Research Fellow, Nuclear Weapons Policy, International Security Department
Research Director, International Security
Sasan AghlaniFormer Consultant, International Security Department, Chatham House

The long and continuing history of nuclear weapons testing has much to teach researchers, humanitarian organizations, international bodies and governments about how best to address the effects of nuclear weapons use and develop appropriate policies for prevention.

Aboriginal elder Eileen Kampakuta Brown, joint winner of the 2003 Goldman Environmental Prize for her struggle to stop construction of a nuclear waste dump in South Australia. Photo: Getty Images.Aboriginal elder Eileen Kampakuta Brown, joint winner of the 2003 Goldman Environmental Prize for her struggle to stop construction of a nuclear waste dump in South Australia. Photo: Getty Images.

Summary

  • Entry into force of the 1996 Comprehensive Nuclear-Test-Ban Treaty (CTBT) would be an important step for implementation of the commitments of all parties to the nuclear Non-Proliferation Treaty (NPT). The run-up to the 2020 NPT review conference over the next three years will be a critical time for the NPT and CTBT, and for other measures aimed at halting nuclear proliferation and bringing about global nuclear disarmament. 2020 will be the 50th anniversary of the NPT and the 25th anniversary of its indefinite extension. Frustration that progress on nuclear disarmament has been so slow despite states’ commitments is threatening to destabilize the international nuclear order.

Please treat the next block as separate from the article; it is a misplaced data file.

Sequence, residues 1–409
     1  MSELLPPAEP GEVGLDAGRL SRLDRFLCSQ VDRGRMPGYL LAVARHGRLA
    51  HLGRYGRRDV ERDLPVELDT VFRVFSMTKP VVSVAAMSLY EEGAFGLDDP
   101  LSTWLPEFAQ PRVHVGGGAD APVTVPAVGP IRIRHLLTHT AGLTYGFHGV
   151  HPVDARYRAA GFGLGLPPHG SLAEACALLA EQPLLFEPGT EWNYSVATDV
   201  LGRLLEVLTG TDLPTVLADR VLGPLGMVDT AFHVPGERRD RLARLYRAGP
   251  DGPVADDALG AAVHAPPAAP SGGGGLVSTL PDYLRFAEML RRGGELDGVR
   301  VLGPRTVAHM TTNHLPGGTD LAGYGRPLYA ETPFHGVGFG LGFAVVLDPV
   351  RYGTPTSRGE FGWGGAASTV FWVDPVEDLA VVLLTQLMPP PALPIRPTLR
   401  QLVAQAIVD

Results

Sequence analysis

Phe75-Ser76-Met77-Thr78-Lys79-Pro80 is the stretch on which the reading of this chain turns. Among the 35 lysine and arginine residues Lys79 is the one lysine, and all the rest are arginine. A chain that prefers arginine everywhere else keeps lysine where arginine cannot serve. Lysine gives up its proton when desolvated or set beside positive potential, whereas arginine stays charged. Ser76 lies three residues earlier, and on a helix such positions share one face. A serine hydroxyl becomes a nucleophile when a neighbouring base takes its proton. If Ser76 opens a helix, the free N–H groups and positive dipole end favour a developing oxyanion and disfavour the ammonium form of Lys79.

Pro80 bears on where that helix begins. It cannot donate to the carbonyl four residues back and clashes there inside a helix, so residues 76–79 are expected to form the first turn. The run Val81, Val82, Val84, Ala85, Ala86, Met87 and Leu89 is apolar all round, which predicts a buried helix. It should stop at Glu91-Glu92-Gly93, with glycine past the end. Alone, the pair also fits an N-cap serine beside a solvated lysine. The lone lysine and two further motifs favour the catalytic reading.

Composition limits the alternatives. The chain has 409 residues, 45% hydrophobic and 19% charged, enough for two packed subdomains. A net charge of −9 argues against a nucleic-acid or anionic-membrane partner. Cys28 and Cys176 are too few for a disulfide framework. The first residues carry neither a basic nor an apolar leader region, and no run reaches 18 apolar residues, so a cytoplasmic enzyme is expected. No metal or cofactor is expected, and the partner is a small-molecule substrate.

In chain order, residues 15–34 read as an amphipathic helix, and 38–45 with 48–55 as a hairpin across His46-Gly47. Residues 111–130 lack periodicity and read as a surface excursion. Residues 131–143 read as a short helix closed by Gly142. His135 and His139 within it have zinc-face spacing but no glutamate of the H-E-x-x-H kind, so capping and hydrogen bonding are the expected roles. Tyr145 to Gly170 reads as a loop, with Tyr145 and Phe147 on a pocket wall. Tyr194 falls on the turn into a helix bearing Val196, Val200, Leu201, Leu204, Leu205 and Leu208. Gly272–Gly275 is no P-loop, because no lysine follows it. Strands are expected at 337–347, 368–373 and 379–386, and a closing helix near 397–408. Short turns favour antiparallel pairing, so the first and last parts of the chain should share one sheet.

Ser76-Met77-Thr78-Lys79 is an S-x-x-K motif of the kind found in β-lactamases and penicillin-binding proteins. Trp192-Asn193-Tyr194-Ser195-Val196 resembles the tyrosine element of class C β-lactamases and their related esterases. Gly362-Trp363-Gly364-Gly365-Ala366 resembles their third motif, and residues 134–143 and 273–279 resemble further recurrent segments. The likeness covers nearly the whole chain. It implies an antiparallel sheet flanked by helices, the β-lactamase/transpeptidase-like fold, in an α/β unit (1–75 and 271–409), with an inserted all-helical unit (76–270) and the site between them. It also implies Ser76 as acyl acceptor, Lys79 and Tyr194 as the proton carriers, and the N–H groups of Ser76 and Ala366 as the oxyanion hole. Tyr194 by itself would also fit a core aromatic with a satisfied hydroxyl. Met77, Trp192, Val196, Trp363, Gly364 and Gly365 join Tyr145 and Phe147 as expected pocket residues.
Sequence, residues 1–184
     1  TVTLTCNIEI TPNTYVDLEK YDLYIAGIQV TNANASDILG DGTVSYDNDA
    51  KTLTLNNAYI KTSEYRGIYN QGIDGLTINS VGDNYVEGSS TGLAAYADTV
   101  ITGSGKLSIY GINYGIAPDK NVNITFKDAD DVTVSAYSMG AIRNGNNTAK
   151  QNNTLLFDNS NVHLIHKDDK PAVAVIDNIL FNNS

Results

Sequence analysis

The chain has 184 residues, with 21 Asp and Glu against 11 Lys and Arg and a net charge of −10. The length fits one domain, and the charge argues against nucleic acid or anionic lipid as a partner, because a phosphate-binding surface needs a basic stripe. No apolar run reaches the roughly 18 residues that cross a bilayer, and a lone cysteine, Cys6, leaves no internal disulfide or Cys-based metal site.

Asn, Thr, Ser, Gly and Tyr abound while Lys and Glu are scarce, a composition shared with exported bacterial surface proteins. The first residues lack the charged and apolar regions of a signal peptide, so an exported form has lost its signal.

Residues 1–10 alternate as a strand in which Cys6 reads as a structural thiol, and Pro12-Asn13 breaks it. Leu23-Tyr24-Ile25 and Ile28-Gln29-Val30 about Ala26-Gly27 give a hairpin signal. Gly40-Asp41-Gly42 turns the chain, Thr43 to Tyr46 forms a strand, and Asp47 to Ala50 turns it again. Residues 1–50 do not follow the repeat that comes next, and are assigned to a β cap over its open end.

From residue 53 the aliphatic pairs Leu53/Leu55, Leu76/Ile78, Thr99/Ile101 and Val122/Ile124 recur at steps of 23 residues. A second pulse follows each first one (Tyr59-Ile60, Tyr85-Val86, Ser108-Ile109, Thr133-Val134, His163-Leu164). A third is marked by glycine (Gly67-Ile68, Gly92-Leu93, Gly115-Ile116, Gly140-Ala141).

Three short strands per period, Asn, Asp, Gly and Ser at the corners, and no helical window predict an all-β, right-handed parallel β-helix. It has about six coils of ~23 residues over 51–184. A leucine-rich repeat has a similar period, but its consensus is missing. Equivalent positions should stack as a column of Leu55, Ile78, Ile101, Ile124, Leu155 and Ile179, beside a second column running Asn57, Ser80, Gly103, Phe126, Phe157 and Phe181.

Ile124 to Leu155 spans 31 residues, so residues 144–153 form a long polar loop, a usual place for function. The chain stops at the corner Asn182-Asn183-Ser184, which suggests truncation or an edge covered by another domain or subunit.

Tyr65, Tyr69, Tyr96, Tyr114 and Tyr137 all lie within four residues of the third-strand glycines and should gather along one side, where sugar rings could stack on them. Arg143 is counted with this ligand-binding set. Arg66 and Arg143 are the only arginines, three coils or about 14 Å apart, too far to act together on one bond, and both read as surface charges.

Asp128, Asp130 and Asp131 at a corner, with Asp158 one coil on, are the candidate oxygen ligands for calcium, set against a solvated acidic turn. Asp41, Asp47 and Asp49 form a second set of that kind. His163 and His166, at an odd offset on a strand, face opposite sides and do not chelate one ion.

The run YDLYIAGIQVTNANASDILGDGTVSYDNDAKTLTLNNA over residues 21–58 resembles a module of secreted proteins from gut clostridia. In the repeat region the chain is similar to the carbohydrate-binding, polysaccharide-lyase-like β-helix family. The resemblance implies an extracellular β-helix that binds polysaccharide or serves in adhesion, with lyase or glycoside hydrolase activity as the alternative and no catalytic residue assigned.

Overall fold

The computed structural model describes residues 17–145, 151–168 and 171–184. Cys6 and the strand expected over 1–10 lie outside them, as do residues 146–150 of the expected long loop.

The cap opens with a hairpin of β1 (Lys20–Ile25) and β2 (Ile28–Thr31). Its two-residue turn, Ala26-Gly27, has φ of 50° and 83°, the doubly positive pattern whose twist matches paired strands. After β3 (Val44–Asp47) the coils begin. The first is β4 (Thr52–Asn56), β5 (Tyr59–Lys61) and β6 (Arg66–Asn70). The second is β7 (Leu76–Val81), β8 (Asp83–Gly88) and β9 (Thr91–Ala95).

• Nuclear weapons tests have had severe impacts on public health and the environment, also affecting cultural heritage, food security, water security, indigenous peoples and local communities, and creating long-term problems such as land confiscation and population displacement.
  • Scenario-based research covering different regions of the world (Africa, Europe, the Middle East, the Pacific region and South Asia) based on the experiences of nuclear testing reveals varying levels of preparedness for responding to a nuclear detonation, whether deliberate or accidental, due to a varying awareness of the challenges a detonation would create. The research also shows an uneven understanding of states’ responsibilities for ensuring the safety and security of their populations in the event of a nuclear explosion.
  • There are some similarities between Africa, Europe, the Middle East, the Pacific region and South Asia – and between countries within these regions – in terms of who is responsible for assisting populations following nuclear weapons explosions, nuclear tests or nuclear accidents.
  • However, sharp differences also exist between states, and between regions, in terms of institutional awareness, roles and expectations in civil society. The humanitarian community and civil society organizations in developing countries, for instance, have greater confidence in the ability of military forces to respond to a nuclear catastrophe than do their counterparts in European countries.
  • The long and continuing history of nuclear weapons testing has much to teach researchers, humanitarian organizations, international bodies and governments about how best to address the effects of nuclear weapons use and develop appropriate policies for prevention – whether through incremental steps or by complete prohibition.